„… the release of a special audiophile treat. It is not without reason that French critics have just awarded the choir the ‘Diapason d’or’ prize.“ (K Int’l)
Heitor Villa-Lobos is without a doubt Brazil's most famous composer and one of the great creative personalities of the twentieth century. His oeuvre is gigantic in its dimensions and perhaps can be compared only to that of Darius Milhaud, who, by the way, was a close friend of his. In any case, Villa-Lobos was the first to introduce the music of Latin America to the world's concert halls, and influences from this music do indeed abound in his oeuvre. cpo is now presenting the first complete recording of his colossal symphonic work complex in a boxed set of seven CDs at a special low price! The SWR Radio Symphony Orchestra under the American star conductor Carl St. Clair has taken on this enormous task, and the result can only be described as a bravura achievement. You can look forward to an orchestral tour de force operating on the highest level!
When at last it was revealed what Mahler’s final intentions were regarding the ordering of the inner movements of his 6th Symphony, 90 years of theory, history, & performance practice went right out the window. For theorists, it altered the harmonic structure of Mahler’s A minor Symphony. For historians, it modified the meaning of Mahler’s “Tragic” Symphony. For players & conductors, it changed the musical progress of Mahler’s 6th Symphony. For listeners, it made Mahler’s deepest & darkest symphony even deeper & darker. With the achingly nostalgic Andante moderato now coming before the bitingly bitter Scherzo, the triumph of the opening Allegro energico sounds even more hollow & empty & the collapse of the closing Allegro moderato sounds even more final & total.
Rosa Ponselle (January 22, 1897 – May 25, 1981), was an American operatic soprano with a large, opulent voice. She sang mainly at the New York Metropolitan Opera and is generally considered by music critics to have been one of the greatest sopranos of the past 100 years.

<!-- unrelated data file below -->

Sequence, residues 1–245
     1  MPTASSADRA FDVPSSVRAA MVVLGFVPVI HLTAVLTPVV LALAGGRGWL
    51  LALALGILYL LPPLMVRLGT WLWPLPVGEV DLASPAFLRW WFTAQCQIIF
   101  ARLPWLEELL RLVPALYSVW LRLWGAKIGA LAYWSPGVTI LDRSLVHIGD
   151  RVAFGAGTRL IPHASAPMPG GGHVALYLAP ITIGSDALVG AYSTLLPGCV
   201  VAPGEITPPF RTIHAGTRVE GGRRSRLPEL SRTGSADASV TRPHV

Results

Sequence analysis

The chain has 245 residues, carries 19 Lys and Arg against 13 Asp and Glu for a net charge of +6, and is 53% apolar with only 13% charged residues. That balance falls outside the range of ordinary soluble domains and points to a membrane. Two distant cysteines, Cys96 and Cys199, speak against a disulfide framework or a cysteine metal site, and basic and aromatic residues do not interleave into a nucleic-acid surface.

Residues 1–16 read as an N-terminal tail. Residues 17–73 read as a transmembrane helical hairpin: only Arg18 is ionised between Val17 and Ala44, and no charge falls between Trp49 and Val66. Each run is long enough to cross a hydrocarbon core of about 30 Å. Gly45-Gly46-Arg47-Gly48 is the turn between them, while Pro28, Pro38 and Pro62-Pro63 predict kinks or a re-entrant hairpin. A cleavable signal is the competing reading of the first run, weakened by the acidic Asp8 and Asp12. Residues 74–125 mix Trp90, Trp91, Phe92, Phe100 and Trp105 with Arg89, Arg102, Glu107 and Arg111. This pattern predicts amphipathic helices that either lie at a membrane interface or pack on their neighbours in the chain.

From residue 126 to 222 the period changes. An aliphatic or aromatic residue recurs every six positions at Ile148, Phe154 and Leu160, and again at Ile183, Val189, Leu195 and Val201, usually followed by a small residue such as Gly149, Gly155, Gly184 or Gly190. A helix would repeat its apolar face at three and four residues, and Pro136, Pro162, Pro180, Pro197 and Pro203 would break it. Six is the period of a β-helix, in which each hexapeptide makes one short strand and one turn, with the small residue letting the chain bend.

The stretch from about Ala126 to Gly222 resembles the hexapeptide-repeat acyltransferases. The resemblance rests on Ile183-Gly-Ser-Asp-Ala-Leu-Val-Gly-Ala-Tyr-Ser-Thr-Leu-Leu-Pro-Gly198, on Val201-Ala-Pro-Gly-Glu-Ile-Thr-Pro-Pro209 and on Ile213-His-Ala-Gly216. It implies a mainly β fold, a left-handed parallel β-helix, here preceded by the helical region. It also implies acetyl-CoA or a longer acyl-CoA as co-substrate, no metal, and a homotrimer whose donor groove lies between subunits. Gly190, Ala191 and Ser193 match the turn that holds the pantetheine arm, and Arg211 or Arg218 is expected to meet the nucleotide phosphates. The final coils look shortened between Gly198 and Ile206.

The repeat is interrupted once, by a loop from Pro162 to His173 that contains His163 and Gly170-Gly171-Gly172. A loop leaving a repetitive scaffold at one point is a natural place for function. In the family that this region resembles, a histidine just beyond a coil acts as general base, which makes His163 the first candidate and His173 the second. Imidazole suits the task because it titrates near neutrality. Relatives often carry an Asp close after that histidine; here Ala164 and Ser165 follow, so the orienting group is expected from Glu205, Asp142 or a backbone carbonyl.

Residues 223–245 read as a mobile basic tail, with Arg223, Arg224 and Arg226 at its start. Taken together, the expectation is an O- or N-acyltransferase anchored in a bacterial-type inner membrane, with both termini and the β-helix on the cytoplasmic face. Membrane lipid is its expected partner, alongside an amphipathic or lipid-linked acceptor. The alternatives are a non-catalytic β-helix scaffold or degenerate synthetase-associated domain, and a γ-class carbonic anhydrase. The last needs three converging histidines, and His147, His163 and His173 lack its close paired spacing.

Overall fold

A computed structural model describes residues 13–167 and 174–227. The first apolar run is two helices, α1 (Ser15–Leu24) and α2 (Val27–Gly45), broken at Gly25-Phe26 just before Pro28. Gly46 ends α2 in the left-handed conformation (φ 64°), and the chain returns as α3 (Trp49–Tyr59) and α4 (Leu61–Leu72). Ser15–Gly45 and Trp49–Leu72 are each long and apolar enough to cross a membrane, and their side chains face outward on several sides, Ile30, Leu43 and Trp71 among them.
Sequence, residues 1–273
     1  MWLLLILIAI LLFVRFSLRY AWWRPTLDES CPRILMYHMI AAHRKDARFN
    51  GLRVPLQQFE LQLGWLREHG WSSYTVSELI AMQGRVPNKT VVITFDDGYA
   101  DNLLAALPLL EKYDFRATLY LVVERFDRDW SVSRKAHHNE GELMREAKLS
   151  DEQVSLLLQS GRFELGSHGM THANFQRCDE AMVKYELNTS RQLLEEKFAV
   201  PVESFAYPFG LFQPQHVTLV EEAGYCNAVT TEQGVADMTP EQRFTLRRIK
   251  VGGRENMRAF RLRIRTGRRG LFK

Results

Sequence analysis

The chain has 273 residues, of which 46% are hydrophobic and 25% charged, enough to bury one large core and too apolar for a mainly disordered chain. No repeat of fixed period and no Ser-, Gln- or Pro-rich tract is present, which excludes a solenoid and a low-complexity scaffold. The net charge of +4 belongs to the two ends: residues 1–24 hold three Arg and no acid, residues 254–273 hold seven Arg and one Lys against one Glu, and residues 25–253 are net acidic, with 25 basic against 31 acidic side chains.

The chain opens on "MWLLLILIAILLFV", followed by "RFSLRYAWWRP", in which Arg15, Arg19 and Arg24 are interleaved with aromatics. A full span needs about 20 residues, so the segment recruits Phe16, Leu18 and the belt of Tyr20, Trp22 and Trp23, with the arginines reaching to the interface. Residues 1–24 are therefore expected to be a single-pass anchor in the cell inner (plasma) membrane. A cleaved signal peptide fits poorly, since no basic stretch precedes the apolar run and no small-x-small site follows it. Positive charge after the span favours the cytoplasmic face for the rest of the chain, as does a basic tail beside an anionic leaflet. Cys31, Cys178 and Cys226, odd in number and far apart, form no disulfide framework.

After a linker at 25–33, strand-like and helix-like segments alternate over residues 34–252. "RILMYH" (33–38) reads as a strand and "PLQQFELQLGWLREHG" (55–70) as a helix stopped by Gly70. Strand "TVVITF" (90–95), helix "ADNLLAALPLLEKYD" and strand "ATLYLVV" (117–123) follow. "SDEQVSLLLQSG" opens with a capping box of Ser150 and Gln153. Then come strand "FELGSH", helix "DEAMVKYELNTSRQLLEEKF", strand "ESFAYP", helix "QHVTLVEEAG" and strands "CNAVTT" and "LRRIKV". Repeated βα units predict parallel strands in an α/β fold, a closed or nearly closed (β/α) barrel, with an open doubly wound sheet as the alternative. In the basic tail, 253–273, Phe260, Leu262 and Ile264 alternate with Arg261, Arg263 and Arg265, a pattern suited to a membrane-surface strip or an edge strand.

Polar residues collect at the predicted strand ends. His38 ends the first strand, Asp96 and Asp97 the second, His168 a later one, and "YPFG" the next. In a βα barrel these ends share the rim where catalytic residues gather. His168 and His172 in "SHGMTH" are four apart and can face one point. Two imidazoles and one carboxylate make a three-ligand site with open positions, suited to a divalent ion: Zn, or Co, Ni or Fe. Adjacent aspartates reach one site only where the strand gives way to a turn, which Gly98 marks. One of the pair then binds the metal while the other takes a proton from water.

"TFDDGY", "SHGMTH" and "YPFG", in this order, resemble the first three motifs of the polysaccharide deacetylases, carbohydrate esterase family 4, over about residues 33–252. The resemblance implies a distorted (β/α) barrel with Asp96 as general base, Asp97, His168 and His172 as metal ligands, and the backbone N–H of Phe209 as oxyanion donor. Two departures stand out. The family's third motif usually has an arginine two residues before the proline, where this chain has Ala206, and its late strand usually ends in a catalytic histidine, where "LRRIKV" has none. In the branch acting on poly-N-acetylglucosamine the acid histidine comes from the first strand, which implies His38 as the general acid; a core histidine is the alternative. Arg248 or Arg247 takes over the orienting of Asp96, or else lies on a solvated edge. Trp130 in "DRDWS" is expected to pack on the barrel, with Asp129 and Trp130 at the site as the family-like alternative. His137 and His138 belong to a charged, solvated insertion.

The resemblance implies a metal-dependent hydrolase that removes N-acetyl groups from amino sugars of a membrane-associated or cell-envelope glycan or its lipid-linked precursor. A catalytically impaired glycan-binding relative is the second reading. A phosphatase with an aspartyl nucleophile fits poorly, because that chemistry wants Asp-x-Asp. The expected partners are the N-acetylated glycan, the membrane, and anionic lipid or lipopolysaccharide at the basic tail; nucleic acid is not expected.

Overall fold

She was born Rosa Ponzillo on January 22, 1897, in Meriden, Connecticut, the youngest of three children. The family lived on the city's west side in a neighborhood chiefly populated by immigrants from the south of Italy, first at the corner of Lewis Avenue and Bartlett Street, then on Foster Street, where…
Milhaud’s six little symphonies are brief, lighthearted experiments in sound combinations, and they are also very charming. These performances are delightful … precise, spirited, brilliant …
I don’t see how anyone could go wrong with these performances, which MDG captures in bright, characterful sound.
Deutsche Grammophon has another excellent Schumann Concerto in its catalog, the Pollini/Abbado, with the Berlin Philharmonic, coupled with a good but not great Schoenberg Piano Concerto. Not surprisingly, Pollini is more muscular and evenly balanced in the Schumann, even if he is, as usual, a bit straitlaced. Pires is always the sensitive and probing artist, or so it seems. Here, she is alert from the opening descending chords to the expressive potential in every bar. She puts much more thinking and feeling in her interpretation than Pollini and most others I've heard.
Happy birthday, Franz Liszt! The Beethoven Orchestra Bonn under its conductor Stefan Blunier and the pianist Claudius Tanski present orchestral works and piano music by this Austro-Hungarian great, including the overture to Goethe’s Torquato Tasso and the Totentanz of 1849, on the occasion of the two hundredth anniversary of his birth. A finely nuanced extra comes in the form of an orchestration of La lugubre gondola by John Adams.